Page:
Funding Social Care. What’s The Big Idea?

Rarely have politicians – of all colours – been more united. With experts projecting that the UK will run out of money for social care by 2020, everyone agrees on the need for a new funding package. The only question is how much? Party spokesmen vie for our votes, promising to outspend each other – before adding their normal pragmatic caveat … But these are difficult times.

We have a different question. Not How Much, but What For? If the point of social care is to improve wellbeing, are we sure we’re getting what we pay for? Is our care system in crisis because it lacks funds, or because it lacks imagination?

If you want to win you need to spend. That’s what we’ve come to believe, whether it’s winning at football or winning at business – or for that matter providing a winning health service. 

But while we applaud winners, history celebrates game-changers. People like Gutenberg, who changed the way we read and learn. Stevenson, who changed the way we travel. Henry Ford, who changed the way we manufacture. The key for them was imagination, to see that we could do things differently. Their success didn’t depend on big money, but big ideas. Ideas that saved time and money.

Let’s talk about dementia in the UK. Dementia is the cuckoo in our health and social care nest, consuming a significant proportion of the £20 million budget for adult social care, taking up space in our surgeries and hospitals, and turning many family carers from revenue generators into benefits recipients.

* At least 25% of NHS hospital beds are occupied by people with dementia. In the over-65 age group, the average hospital stay is twice as long as people with dementia than those with other illnesses – in some hospitals they stay up to seven times longer, often because there is no care package available to support them when they leave. (Source: Alzheimer’s Society)

* In 2017 there were 50,000 avoidable emergency admissions of over-65s with dementia. The Alzheimer’s Society report suggests that inadequate social care is leaving them unprotected from falls and infections. (Source: Alzheimer’s Society)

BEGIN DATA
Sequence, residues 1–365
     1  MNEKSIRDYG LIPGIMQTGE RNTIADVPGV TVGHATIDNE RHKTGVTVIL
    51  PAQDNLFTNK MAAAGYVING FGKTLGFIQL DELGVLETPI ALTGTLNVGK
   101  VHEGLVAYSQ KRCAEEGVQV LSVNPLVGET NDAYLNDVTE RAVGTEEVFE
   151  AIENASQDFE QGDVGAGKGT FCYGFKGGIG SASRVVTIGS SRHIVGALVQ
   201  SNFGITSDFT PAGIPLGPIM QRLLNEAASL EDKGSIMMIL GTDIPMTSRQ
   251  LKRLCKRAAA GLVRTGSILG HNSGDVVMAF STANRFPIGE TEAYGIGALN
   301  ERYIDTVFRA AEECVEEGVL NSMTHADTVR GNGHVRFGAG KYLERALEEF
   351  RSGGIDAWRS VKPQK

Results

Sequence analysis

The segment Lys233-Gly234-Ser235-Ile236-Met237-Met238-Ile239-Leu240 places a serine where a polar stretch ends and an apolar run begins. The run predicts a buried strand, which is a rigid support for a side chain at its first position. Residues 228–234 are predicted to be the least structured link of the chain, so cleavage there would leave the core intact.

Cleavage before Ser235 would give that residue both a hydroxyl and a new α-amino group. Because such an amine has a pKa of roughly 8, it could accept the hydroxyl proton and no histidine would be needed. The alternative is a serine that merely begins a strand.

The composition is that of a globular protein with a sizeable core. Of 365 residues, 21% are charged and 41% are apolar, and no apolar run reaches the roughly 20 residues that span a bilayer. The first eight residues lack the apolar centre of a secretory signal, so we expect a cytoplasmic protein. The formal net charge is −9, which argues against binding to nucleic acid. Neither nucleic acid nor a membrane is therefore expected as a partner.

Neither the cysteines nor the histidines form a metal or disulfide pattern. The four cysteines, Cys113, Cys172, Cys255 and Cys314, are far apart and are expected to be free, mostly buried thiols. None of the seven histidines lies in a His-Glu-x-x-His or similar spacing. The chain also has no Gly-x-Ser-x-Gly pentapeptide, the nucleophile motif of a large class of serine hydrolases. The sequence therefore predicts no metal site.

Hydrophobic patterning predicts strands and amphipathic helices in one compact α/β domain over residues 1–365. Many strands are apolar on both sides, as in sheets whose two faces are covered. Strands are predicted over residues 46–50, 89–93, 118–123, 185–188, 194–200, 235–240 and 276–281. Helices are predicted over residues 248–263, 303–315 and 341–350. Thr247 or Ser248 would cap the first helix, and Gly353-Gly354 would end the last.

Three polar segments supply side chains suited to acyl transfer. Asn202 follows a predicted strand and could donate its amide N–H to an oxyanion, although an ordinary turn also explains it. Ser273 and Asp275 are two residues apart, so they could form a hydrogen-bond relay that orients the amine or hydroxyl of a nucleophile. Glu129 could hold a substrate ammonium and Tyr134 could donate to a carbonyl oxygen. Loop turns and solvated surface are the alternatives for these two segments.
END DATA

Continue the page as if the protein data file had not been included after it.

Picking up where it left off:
* The cost to the economy of informal unpaid care is reckoned to be £11.6 billion per year. (Source: Alzheimer’s Research UK)

* We spend £10.3 billion on social care for people with dementia – yet 68% of them report that they feel socially isolated.  63.5% of family caregivers say that they have had no or not enough support. (Sources: Alzheimer’s Research UK)

Should we really be investing in a system that’s clearly not working? Or is it time for a big idea?

So what is the big idea?

Let me start by asking a different question. Suppose the government announced that they were cancelling schools. They’d decided that kids would get a better education with one-to-one coaching, so teachers would now come to the family home, a couple of times a day for about an hour in total, to deliver their lessons.

For all sorts of reasons this would be a stupid idea. There might conceivably be some who’d argue that children would learn more in an hour of private coaching than they do in six hours of classroom learning. But what about the other benefits of school – learning to live in a community, building friendships ..? Think about the extra strain it would put on parents, obliged to stay at home, unable to work. And how many more teachers would we need to employ? Where would we find them and how much would it cost?

Stupid … and yet that’s exactly the way domiciliary care works for people living at home with dementia. One-to-one care, for about an hour a day. Or, because there simply aren’t enough professional carers, no care at all.

So what is our big idea? To start thinking about dementia care the way we think of schools. To create spaces where people with dementia spend the working-hours every day. Not to be parked, as they so often are in ‘care’ facilities, but to get involved in meaningful, worthwhile, enjoyable activities, as kids are ( – at least in the best schools). In the hands of care professionals who are as well trained and rewarded as our teachers. Giving hundreds of thousands of unpaid carers the opportunity to take back their old lives. And potentially saving the country billions, as the wellbeing of all those affected by dementia gets a boost.

What do we call this big idea? The Bine.

Read more about The Bine here.

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